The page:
I do think that the albatross of the 2012 mass shooting in Aurora, Colorado — which took place at a screening of another movie set in the Batman universe, The Dark Knight Rises — predestined a lot of the narrative around Joker from the start. But I also think the film’s director, Todd Phillips, framed his film, and the character of the Joker himself, as a super-serious, dark, edgy, modern treatment of the anti-hero.
Phillips aligned the Joker with the (generally inaccurate) stereotype of the mentally ill, socially isolated loner whose disenfranchisement leads him to commit violence. (Additionally, the predominantly black neighborhood the Joker, a.k.a. Arthur Fleck, lives in becomes an inherently tragic setting. Gross.) The mood of this film was presented publicly as very Taxi Driver, whereas the original Joker, you know, became a villain because he fell into a vat of acid.
And there’s very little Batman mythology in this film, which isn’t particularly surprising given Phillips’ clear contempt for other Batman films and the comics genre in general. A June interview in which he boasted he wouldn’t use “anything” from the comics went viral, and a September interview with the Toronto Sun billed him as “not a comic book guy” who wanted to do something “new” and less “fantastical” with the genre.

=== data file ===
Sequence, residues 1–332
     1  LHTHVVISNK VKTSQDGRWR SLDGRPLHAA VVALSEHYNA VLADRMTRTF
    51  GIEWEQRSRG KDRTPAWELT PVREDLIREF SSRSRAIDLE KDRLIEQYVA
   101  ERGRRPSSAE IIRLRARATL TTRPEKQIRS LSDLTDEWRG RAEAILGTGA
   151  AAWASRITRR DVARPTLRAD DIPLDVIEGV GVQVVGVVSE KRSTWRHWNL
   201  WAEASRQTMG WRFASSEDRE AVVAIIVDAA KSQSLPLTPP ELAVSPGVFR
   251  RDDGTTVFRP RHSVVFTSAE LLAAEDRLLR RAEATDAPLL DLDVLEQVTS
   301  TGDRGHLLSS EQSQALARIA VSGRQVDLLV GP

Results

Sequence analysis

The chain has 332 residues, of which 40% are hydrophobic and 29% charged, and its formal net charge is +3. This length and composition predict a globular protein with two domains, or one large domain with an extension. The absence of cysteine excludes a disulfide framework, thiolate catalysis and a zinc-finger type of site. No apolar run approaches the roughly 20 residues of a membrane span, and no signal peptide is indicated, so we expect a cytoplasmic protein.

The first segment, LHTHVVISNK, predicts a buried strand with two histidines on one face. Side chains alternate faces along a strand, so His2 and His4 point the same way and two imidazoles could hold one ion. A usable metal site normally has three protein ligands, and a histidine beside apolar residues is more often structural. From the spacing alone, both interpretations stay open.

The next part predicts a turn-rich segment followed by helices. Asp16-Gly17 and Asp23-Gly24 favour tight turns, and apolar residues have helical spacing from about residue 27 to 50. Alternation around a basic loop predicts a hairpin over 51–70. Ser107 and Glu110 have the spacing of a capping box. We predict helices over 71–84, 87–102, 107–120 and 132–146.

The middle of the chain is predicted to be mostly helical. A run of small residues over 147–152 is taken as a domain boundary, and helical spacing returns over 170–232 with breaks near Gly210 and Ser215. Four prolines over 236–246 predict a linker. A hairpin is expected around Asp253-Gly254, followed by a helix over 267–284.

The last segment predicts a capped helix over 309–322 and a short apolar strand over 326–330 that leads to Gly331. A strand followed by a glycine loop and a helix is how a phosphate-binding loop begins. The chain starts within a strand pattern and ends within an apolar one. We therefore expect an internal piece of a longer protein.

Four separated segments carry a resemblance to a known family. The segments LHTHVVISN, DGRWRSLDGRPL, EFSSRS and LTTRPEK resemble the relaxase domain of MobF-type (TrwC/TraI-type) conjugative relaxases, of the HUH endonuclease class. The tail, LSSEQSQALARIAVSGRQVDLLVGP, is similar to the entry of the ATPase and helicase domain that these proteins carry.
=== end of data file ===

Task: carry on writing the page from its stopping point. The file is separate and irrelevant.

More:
These moments, plus a September feature story in which Vanity Fair revealed that Phillips pitched his film to Warner Bros. as an “anti-superhero film” with “dark realism,” made it sound like Phillips had never read a comic book, or hadn’t seen a non-Avengers comic book film lately, or else was dripping with open disdain for the genre for some other reason. It’s simple to see how the public and the media could conflate Phillips’ Joker with the current vague notion of the angry loner vigilante. But in fact, to me, the way this character is written is far, far more generic, lazy, and clichéd than a real, serious look at modern extremism would be.
Susana: As Polygon’s full-time comics editor professionally, and a life-long fan of the Batman setting personally, Joker has felt more like a steamroller bearing down on me than a freight train. From the moment it was announced, I knew that even if it was good, it wouldn’t be a movie that I’d personally enjoy very much — I’m not a fan of the “character study of a violent man character” genre, I’m emotionally close to the material, and I have strongly held opinions about the editorial value of giving the Joker a definitive origin story.